- The strong superior aspect of the medial canthal tendon prevents superior extension of the lacrimal sac.
- Tumors above the medial canthal tendon often require imaging.
- Compressible mass with mucoid or mucopurulent reflux: dacryocystitis
- Noncompressible mass
- Painless: Consider neoplasm; imaging is warranted.
- Painful: lacrimal sac mucocele (Figures 2 and 3) +/- facial cellulitis
- Excessive tearing (true epiphora)
- Overflow of tears due to a "plumbing problem"
- Patients present with tissue in hand and might deny allergies and pain.
- Mucopurulent discharge sometimes associated with ocular irritation and red eye
- Blurred vision: Elevated marginal tear strip bothersome with downgaze reading
- Eyelash mattering and crusting: reflux due to outflow obstruction
- Pain due to obstruction causing inflammation from secondary infection including dacryocystitis, dacryocystocele, abscess and sometimes facial cellulitis
- Intermittent tearing partially improved with topical steroids and or antihistamines seen with incomplete/partial nasolacrimal obstruction
- Bloody tears: Consider malignancy.
Figure 2. Mucocele with topical anesthetic cream.
Figure 3. Mucocele drainage.
- Visual acuity, pupillary, ocular motility, and slit-lamp biomicroscopy exams
- External exam
- Look for eyelid malpositions, floppy/lax eyelids, facial palsy/synkinesis, incomplete blink, punctal absence, stenosis or eversion, incipient entropion, and trichiasis.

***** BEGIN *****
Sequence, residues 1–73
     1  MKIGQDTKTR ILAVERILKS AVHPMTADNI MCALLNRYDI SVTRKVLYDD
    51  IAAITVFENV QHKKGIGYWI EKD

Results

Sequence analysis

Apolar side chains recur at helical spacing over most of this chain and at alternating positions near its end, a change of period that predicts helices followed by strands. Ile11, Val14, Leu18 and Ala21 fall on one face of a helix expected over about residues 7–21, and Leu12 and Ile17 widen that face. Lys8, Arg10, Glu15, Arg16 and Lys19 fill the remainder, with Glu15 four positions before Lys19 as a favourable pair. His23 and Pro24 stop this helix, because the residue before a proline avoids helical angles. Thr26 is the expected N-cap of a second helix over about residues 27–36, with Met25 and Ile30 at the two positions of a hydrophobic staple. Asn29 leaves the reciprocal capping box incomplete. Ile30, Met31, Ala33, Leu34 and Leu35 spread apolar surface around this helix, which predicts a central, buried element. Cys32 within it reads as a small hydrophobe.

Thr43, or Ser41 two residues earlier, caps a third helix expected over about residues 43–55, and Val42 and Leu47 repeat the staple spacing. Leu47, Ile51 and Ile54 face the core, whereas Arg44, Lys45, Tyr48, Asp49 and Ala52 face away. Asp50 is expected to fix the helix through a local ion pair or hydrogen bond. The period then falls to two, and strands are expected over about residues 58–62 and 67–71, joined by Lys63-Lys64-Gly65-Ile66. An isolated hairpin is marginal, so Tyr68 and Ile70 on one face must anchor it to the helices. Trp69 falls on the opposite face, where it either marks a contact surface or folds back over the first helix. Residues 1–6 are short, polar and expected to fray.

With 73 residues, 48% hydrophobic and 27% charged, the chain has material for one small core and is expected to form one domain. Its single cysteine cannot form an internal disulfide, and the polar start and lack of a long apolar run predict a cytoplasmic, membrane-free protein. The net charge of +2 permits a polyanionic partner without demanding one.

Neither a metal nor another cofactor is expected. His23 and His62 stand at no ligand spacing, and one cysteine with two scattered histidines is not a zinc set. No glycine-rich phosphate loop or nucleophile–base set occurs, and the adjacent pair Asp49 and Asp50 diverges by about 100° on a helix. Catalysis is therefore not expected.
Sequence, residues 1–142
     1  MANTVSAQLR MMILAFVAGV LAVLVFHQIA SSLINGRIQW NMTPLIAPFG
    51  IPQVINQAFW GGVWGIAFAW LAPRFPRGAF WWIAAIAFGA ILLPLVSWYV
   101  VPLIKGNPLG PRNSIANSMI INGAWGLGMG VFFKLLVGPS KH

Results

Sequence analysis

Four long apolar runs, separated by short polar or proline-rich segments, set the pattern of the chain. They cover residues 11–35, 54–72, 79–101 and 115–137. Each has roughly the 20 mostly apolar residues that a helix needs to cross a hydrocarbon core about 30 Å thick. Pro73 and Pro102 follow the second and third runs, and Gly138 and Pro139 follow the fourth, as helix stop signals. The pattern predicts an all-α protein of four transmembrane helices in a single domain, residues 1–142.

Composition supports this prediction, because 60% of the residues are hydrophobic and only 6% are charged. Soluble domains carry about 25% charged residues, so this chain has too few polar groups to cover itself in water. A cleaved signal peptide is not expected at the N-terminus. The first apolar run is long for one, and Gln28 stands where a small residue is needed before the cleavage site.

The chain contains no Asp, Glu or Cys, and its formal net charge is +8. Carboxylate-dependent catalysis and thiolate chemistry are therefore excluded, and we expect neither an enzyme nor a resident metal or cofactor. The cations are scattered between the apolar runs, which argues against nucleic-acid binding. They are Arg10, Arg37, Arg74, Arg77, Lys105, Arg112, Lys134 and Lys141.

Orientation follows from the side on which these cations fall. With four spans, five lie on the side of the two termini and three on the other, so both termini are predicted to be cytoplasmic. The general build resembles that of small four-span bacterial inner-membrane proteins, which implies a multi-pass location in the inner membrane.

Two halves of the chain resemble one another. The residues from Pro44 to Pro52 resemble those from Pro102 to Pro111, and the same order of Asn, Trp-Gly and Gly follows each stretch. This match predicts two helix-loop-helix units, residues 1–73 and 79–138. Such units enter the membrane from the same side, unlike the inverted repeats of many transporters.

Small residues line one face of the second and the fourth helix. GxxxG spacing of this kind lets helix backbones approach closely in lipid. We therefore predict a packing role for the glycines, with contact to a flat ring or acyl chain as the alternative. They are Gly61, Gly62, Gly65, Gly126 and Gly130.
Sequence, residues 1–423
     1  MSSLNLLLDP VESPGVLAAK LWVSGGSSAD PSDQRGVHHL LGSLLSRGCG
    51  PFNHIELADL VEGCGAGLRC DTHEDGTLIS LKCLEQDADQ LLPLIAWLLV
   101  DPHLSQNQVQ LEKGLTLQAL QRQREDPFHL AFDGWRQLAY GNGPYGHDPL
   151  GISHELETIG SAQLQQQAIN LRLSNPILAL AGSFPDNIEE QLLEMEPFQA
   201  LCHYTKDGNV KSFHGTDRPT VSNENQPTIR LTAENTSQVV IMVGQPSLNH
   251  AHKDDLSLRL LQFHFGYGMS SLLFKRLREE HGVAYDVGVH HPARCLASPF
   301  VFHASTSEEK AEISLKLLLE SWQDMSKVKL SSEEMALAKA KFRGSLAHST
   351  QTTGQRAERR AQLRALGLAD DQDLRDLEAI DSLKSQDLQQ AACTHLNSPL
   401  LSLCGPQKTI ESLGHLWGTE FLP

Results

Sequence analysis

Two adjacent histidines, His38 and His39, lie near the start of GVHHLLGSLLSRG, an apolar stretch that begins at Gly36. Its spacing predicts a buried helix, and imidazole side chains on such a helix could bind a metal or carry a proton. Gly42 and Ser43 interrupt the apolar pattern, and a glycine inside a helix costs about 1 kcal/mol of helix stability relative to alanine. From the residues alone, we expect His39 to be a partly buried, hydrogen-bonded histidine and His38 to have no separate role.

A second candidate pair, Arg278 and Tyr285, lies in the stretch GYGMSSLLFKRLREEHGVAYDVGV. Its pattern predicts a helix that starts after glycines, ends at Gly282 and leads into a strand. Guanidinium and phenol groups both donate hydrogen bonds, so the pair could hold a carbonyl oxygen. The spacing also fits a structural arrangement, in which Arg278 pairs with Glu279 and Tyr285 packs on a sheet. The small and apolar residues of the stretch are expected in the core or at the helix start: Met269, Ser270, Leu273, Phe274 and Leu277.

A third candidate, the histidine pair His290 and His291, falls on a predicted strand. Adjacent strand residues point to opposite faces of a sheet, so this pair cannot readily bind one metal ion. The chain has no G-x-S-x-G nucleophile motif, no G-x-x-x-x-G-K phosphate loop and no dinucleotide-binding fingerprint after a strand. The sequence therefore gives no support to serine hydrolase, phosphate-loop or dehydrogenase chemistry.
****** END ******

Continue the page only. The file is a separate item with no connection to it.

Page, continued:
- Measure eyelid laxity/distraction and snapback tests.
- Puncta should not be visible without eyelid eversion.
- Look for eyelid, corneal, and conjunctival abnormalities such as canaliculitis, symblepharon, giant papillary conjunctivitis, chalazion, and molluscum.
- Evaluate tear quality: tear breakup time (TBUT) and tear film debris.
- Evaluate tear quantity: measure tear meniscus/marginal tear strip (MTS).
- Increased marginal tear strip
- Greater than 0.2 mm by slit beam
- If lower eyelid retraction hinders MTS assessment, hold the lower lid upward near the inferior limbus while using slit-lamp.
- Palpate for enlarged lacrimal sac or abscess cavity.
- Expression of pus with medial canthal pressure
- A distended sac with mucopurulent reflux to palpation signifies a NLDO. If the nasal exam is normal, DCR is indicated.
Figure 4. Lacrimal sac abscess incision and drainage.
Assess vestibule and septum.
Inspect for tumor, impacted turbinate, and polyposis/mucosal abnormality.
- Dye disappearance test (DDT)
- Instill fluorescein.
- Observe under cobalt blue filter.
- Look for asymmetry of the MTS.
- Persistence of dye or significant asymmetry after 5 minutes indicates an obstruction.
- DDT does not determine site of lacrimal drainage abnormality.
- Site of obstruction determined by inspection of the eyelids, palpation of the lacrimal sac, and irrigation of outflow system
- Significant delay in clearance time suggests lacrimal obstruction.
- Asymmetric dye disappearance time suggests unilateral obstruction to outflow.
- Jones I test, primary dye test
- The Jones I test evaluates lacrimal outflow under normal physiologic conditions
- Fluorescein is instilled into the conjunctival cul-de-sac followed by placing a cotton-tipped applicator under the inferior turbinate to retrieve dye at 2 and 5 minutes.
- Alternatively, one can look at the posterior pharynx for clearance with a cobalt blue light and a tongue depressor or on a tissue after nose blowing with occlusion of the other nostril.
- Positive dye recovery indicates a patent nasolacrimal drainage system, although recovery times might be variable, and false-negative results are frequent (up to 1/3rd of patients).
- Positive dye recovery often indicates normal function.